- Find a Trail
- My TrailLink
- Explore Trails
- About Us
- Get Involved
Find the top rated atv trails in Garden Acres, whether you're looking for an easy short atv trail or a long atv trail, you'll find what you're looking for. Click on a atv trail below to find trail descriptions, trail maps, photos, and reviews.
Experience walking/biking under the canopy of thousands of oak trees on a flat, winding asphalt trail for all ages. I have always passed friendly folks and random bicycle police. (Thank you)
Asphalt, clean benches, landscaping, and lights make this Modesto’s “go to” trail. Lots of folks walk, run and bike here. Just like anywhere, carry a whistle in case you need help.
Trail surface is good, but most of trail is amid homeless encampments with accompanying refuse. Most folk were friendly, but definitely not a scenic route.As previous reviewer stated, east end is very busy road with no bike lane or shoulder. Not for the faint of heart!
Definitely a cool trail. Goes over the freeway with its own bridge, shady, good path across town!
When you experience this trail you first need to realize it is actually about 37 miles long but is longer than that to Folsom or to Tahoe (Epic Trail System). That said, the El Dorado Trail is a "trifecta of trails" with rail, earthen trail and Class I bike path under construction. This is the goal of the entire corridor to the El Dorado County line BECAUSE it is the goal of the organization that manages it, the SPTC JPA.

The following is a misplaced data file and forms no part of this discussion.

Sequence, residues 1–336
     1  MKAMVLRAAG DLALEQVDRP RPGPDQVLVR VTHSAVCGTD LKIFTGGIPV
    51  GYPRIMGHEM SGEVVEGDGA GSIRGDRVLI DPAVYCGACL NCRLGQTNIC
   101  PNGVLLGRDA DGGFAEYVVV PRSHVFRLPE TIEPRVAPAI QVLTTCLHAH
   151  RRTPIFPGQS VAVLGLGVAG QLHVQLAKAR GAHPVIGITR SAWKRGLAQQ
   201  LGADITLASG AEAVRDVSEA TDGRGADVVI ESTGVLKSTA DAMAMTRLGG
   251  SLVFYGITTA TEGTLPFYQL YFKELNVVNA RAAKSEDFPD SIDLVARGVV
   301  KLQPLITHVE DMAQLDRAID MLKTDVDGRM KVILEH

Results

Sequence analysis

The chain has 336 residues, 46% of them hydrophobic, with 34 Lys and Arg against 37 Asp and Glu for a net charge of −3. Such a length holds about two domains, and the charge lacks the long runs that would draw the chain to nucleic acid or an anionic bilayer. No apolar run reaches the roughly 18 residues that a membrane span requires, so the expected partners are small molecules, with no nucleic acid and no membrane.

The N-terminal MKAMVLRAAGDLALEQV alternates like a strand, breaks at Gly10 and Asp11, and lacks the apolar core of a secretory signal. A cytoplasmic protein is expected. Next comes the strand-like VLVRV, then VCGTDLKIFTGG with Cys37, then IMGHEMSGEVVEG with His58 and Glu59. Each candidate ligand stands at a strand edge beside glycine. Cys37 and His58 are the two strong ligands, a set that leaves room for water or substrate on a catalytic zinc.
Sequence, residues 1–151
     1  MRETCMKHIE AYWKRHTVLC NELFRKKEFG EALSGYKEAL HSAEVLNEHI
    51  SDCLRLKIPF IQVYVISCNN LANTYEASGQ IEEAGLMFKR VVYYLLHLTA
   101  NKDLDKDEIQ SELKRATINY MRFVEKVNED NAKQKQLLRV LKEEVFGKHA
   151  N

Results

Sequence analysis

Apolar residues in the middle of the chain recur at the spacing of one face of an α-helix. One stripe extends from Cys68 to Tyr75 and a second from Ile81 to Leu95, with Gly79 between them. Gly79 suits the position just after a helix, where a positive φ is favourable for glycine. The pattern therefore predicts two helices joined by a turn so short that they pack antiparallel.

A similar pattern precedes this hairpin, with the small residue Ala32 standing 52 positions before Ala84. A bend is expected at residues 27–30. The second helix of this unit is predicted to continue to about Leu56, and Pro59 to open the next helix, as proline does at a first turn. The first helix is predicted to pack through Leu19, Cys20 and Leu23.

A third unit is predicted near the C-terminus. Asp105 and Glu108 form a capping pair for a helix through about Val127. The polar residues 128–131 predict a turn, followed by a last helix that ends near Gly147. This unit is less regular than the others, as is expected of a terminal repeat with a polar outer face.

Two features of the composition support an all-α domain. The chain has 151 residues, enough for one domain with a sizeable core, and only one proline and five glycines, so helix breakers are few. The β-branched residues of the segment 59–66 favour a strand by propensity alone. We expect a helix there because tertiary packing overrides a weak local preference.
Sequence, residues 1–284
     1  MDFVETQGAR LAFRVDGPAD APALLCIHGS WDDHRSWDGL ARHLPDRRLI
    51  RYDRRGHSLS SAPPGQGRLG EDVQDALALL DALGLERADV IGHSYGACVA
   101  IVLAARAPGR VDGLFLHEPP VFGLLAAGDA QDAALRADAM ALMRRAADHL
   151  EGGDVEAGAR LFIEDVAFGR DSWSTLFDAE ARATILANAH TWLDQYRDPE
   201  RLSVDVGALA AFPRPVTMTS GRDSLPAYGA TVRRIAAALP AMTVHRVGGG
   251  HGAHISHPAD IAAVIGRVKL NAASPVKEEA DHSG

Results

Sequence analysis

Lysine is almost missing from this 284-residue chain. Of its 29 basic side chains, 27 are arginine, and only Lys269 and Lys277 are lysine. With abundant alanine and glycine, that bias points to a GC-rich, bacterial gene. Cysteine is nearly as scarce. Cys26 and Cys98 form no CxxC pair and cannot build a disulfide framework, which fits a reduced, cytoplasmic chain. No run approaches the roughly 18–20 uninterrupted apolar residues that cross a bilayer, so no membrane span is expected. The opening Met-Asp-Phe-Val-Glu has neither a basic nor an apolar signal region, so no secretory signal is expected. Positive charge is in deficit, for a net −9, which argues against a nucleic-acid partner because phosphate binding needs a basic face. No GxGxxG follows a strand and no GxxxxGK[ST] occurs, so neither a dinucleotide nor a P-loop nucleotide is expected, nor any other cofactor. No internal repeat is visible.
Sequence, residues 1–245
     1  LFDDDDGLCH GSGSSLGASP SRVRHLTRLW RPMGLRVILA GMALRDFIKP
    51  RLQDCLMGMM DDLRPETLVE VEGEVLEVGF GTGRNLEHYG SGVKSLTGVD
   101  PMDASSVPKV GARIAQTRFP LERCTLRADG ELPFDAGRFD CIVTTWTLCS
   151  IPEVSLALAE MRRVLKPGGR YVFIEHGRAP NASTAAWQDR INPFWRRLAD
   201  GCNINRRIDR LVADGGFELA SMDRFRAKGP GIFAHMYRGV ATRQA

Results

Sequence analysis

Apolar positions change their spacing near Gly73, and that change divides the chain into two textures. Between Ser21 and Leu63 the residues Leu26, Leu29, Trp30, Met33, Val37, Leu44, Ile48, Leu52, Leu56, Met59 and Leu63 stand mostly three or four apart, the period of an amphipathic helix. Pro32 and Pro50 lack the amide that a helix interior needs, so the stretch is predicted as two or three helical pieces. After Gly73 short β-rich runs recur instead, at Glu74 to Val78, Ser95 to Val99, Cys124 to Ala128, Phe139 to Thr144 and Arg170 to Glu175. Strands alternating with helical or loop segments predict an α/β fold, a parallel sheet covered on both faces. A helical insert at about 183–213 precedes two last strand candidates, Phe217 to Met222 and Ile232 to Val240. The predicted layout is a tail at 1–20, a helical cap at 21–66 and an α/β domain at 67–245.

The El Dorado Trail or Gem of the Western Sierras, is a rough, somewhat untamed trail testament to the folks who built it and many with legacy family members in the area. In fact, many with less than 75 years in the are do not know about the EDT. Come out and ride the rail now in Shingle Springs in the depot at Sam's Town Cyclery or rent bikes to ride the earthen trail. You can also ride the rail in El Dorado and soon they will have a Class I (ADA approved) bike path along with improved earthen trail.
The Placerville Trail (Missouri Flat to Camino) is great with some nice views and the tressle bridge over Weber Creek. However, watch out for cars and homeless in Placerville. Making way out of Placerville you can get to Camino with a little bit of a climb (estimate 600').
In the next few years projects will start to build the Class I trail next to the rail and hopefully we will see connects to Cameron Park, El Dorado Hills and Folsom.
Oh yeah, wildlife are plenty on the EDT having seen over the years many deer, fox, skunk and even a mountain lion!
Started 7:00am on trail and it was a challenge through some of the obstacles... freeway construction zone, Saturday Farmers Market, Gold Rush festival but that was the easy stuff. Problematic areas began after Missouri Flat Road / Walmart. Here the trail was either rocky, on an edge next to tracks or on the tracks. At least the worst was riding on tracks which is ok if you have good dual suspension and are dialed in. Views were awesome, no loose dogs, trails were challenging at times. We eventually abandoned the rails due to low air and low water I’d do it again but start in Camino and end in Walmart.